Werner Twertzog is back from the void of Twitter deactivation.
My recent entry on Werner Twertzog’s disappearance came a couple of weeks after his June 18 exit, announced on a tweet that I missed at the time and had no access to because upon deactivation, all of his tweets disappear from Twitter’s public interfaces and are reported as nonexistent.
Was Werner Twertzog taking a break? Was he flirting with nonexistence? Was this a brief retirement and comeback, parallel to other artistic resurrection/comebacks? His updated Twitter location references says “Walking the Earth, for a time” (most likely a Pulp Fiction reference to Jules’ retirement from a life of crime to become a wandering adventurer). He announces his return perfectly in character with the following sequence of tweets.
And judging from the immediate response, there are going to be 21.5 thousand happy followers (myself included). Hopefully we can look forward to many years of sardonic humor.
However, some questions remain from a digital preservation perspective. Will the account be deactivated and disappear again someday? What if Werner Twertzog “goes evil” such as what happened with Dave Chappelle’s fake Twitter persona? I doubt it, given the consistent quality of Werner Twertzog’s performance, but Twitter’s culture of anonymity would certainly allow it. More importantly, how can this work be preserved so that future generations can enjoy this tour de force social media performance?
One possibility is for Werner Twertzog to download his Twitter archive and publish it somewhere or share it with someone experienced and interested in preserving the work’s legacy (hint, nudge). Perhaps the creator(s) will publish this material in print and/or digital formats. We know that Twitter keeps thorough archives, and may once again archive it with the Library of Congress, but public access to the tweets through those repositories is currently uncertain. Another is for readers and fans to screen-capture images of the tweets and share them as more stable digital objects, rather than simply retweet, favorite, or embed the tweets elsewhere. That way, the images of the tweet become legitimate d0cumentation that don’t rely on Twitter to function and will survive an account deactivation or a Twitpocalypse. Another option is for someone to build a program that scrapes all the tweets and creates a database, preserving its data externally. There are several other options, but you get the idea.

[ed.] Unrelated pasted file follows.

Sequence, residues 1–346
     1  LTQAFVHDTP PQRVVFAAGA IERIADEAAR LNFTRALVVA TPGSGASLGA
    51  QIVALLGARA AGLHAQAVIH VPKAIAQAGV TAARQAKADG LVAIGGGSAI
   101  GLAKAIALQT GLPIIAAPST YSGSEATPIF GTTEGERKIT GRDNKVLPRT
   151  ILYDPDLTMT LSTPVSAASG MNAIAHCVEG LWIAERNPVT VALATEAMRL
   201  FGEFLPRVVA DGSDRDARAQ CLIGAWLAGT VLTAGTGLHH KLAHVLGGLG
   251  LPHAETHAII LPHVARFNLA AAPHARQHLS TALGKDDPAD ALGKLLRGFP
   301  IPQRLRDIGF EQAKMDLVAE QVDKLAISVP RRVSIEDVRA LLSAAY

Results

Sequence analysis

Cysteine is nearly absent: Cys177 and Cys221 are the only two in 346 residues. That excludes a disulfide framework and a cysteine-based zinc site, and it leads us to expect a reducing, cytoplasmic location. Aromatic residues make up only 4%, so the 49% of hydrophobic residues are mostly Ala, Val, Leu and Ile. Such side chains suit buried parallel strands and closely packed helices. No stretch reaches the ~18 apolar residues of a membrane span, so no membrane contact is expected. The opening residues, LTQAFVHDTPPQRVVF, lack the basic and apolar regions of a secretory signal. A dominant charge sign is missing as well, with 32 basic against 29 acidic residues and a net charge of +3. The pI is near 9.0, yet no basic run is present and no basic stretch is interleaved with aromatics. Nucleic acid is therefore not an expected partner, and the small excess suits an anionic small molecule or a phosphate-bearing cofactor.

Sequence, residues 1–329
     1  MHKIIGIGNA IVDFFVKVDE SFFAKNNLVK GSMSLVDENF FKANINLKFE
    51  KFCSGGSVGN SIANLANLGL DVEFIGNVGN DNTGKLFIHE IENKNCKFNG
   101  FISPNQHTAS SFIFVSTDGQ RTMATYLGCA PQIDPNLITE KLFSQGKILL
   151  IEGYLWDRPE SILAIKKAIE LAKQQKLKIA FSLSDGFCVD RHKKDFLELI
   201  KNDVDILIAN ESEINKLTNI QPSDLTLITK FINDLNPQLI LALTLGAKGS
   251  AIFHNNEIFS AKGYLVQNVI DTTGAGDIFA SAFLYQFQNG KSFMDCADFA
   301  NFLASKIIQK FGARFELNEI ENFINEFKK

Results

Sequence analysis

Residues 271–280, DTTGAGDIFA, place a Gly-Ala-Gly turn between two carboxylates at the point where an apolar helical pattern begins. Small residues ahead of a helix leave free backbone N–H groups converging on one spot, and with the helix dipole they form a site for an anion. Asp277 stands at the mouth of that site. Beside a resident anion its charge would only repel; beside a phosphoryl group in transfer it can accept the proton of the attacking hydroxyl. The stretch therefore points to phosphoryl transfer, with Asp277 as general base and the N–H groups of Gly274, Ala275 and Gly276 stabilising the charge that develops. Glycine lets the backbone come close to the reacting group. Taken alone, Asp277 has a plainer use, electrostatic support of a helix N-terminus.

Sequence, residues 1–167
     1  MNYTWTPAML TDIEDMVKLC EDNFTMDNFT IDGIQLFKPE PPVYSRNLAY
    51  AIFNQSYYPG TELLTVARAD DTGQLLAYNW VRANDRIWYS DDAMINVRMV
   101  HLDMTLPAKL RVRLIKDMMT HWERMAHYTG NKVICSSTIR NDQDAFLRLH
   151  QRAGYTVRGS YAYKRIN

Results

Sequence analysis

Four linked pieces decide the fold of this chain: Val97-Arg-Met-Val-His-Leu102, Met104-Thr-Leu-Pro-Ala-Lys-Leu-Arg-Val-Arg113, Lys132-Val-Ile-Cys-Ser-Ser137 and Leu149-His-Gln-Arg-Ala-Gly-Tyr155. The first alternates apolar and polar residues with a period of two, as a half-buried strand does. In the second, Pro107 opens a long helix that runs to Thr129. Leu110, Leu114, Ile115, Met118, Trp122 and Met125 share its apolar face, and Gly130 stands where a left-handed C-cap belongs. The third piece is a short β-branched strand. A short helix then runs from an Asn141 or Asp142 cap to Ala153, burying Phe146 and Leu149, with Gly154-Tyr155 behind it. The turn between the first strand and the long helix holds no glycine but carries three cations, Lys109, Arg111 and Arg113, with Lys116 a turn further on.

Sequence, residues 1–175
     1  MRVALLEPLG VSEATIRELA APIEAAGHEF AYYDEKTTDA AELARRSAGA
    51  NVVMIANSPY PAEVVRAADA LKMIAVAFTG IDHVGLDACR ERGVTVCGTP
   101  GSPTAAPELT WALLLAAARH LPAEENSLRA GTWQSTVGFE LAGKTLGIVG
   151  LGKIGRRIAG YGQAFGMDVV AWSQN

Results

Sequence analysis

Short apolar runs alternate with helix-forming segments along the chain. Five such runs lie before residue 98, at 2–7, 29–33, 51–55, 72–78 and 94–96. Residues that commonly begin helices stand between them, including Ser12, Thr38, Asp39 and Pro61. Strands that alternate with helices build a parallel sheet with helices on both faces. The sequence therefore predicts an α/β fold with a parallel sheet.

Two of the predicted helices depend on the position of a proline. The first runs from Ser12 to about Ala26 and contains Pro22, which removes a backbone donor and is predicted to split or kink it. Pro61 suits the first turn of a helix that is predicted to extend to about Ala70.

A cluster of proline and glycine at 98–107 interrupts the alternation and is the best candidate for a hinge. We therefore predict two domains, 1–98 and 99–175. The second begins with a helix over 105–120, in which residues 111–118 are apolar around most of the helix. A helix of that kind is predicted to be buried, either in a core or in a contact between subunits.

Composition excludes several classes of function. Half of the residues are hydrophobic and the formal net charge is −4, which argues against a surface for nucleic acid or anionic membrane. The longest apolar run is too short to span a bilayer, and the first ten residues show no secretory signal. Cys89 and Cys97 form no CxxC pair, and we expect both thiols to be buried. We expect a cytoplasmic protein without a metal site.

So while we know that Werner Twertzog will survive, the point is, who will control access to the archive and memory of this artistic and literary performance? Will it be the artist, the publisher, the corporation, the library, the fans, or the scholars? For now, some of this is in control of whomever is performing Werner Twertzog, and I’m hoping he/she/they choose(s) to take concrete steps towards preserving this artistic legacy.
But whatever decisions are made,
— Werner Twertzog (@WernerTwertzog) July 3, 2015